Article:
Restaurants in Barcelona
Flanked by the Pyrenees and bathed by the Mediterranean, Barcelona has an unbeatable bounty that makes it one of the prime culinary destinations in the world. Feast on high-end tapas by superstar brothers Ferran and Albert Adrià at Tickets, or seasonal fare at Carles Abellán's Michelin-starred Comerç24. Restaurants in Barcelona also boast touches of Moorish cuisine and, of course, Catalan specialties like mar i muntanya (surf 'n' turf) and crema catalana. In true Spanish style, bares de tapas are also a Barcelona staple, and one of the best ways to explore the city.
You'll want to check out a variety of Barcelona restaurants to fully experience its rich gastronomic landscape; try the legendary wood-oven lechazo asado at El Asador de Aranda, a juicy suckling lamb with a crispy outside. The restaurant has three locations (in Tibidabo, Londres, and Pau Claris) and focuses on specialties from the Castilla region. When strolling around La Barceloneta, stop for lunch at La Gavina, inside the Palau del Mar building. The menu is built around seafood, and their arroz negro (squid ink rice with seafood and vegetables) is one of the best in town.
Part industrial-looking art gallery, part cooperatively run, vegetarian-friendly café (try the house-made spinach ravioli), La Báscula has one of the city's most idyllic sun-filled dining rooms.
Chef and alchemist Jordi Vilà runs the kitchen at this Michelin one-starred restaurant in the Sagrada Familia district of Barcelona.
Pastry pioneer Jordi Butrón keeps his cool gray, 30-seat, minimalist atelier packed with fans of his all-dessert three- and five-course tasting menus. Expect inspired sweet-savory flavor combos: pear “crackling” and fennel shoots; or chocolate, smoked-tea, and yogurt ice cream.
The restaurant serves traditional Catalonian seafood dishes at a reasonable price.
At Carles Abellán's new-wave asador inside the Ricardo Bofill–designed W, steaks from 10 kinds of pedigreed cows (we loved the domestic Rubia Gallega) are grilled to uncanny perfection over freshly made oak coal.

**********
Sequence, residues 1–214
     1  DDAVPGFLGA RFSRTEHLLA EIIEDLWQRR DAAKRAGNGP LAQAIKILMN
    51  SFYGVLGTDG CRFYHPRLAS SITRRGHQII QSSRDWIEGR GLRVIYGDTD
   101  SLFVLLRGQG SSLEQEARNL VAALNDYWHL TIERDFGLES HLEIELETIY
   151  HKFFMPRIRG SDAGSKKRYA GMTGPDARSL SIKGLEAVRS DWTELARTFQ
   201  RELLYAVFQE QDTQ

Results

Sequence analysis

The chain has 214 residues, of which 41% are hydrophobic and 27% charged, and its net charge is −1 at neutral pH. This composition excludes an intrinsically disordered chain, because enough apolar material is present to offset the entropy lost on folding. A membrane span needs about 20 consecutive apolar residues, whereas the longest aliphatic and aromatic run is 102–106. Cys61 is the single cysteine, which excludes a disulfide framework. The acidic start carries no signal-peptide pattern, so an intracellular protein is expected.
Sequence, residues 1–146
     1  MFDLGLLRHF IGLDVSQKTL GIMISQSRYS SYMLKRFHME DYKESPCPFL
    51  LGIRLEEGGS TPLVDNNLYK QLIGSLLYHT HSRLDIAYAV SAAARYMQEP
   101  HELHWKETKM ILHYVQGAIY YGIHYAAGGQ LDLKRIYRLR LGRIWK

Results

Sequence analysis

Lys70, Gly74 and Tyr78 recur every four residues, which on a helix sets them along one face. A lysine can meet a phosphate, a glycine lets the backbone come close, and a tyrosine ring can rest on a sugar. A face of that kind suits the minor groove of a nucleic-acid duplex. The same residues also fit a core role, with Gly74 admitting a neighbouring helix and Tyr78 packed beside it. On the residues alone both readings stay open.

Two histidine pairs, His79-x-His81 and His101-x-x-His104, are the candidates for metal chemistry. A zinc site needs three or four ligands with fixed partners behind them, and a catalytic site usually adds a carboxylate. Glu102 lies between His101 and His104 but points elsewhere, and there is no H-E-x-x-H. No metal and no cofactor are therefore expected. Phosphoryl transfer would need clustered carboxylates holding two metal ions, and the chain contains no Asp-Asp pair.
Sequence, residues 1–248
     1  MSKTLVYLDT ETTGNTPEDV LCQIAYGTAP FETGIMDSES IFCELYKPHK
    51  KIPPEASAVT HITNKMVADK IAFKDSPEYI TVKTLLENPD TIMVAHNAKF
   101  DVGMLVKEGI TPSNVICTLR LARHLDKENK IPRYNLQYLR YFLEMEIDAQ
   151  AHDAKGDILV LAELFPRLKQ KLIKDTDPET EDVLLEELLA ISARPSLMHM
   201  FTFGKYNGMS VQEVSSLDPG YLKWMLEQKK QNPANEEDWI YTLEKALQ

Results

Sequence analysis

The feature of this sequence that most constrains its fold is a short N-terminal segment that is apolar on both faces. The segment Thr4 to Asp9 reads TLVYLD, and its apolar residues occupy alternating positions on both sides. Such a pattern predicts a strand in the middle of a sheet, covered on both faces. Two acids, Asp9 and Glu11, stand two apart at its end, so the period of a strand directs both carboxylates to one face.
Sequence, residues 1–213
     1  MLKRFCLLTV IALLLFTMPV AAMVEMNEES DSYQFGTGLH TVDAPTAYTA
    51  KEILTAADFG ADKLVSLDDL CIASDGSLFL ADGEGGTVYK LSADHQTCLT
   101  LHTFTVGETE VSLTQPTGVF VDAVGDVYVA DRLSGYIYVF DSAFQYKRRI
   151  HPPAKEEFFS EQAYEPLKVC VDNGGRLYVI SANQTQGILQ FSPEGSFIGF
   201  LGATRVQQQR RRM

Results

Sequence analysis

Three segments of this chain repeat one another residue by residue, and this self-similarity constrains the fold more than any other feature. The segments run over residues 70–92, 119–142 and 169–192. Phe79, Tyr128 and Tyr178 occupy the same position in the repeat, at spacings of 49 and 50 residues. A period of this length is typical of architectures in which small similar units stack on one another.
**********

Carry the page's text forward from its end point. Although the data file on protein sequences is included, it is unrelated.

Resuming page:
Order the terrific $17 lunch (a glass of vino included), where the velvety melon gazpacho followed by arroz negro studded with cuttlefish or a perfect seared tuna are served at an industrial-chic space inside the renovated Barceloneta market.
A favorite haunt of the literary set, this retro 1970's-era restaurant and bar - note the fantasy-forest décor - prides itself on classic (and generously poured) cocktails, and excellent wine list, and keeping the party going until the city's mandatory 3 a.m. closing time.
Named for Tara, the female side of Buddha and the embodiment of truth in the Tibetan Buddhist tradition, Drolma—and chef Fermín Puig—turn out a classical Mediterranean and Catalan cuisine that strives for that ideal every time out.
Housed in the renovated Santa Caterina Market, this casual eatery serves four types of cuisine: Asian, Mediterranean, Italian, and vegetarian.
Chef Ramón Freixa serves Catalan dishes with a fresh twist like black sesame-crusted langoustines served with corn.
Patrons stand elbow-to-elbow at this tiny bustling tapas bar just off of Pral Lel. With walls of shelves filled with wine, this fifth generation restaurant is not much larger than a typical home dining room.
Pizza? In Spain? Absolutamente. If the toppings include delicious sobrasada sausage and the slowly fermented sourdough crust is featherlight. The pizzeria in question is theis mod, white-and-red newcomer opened by the avant-garde chef Jordi Vilà.
This new brasserie from Barcelona’s hautest chef, Carles Gaig, is perfection, from the sprawling room that’s both cozy and cool to the nuevo catalán menu. Open since 2007, Fonda has already achieved a cult status.
The past lives on at this historic haunt where actual fishermen order up salt-cod croquettes at a tatty old marble counter. Twenty dollars buys grilled sardines, terrific bacalao fritters, and bomba, a crisp meat-and-mashed-potato cannonball doused in an explosively fiery sauce.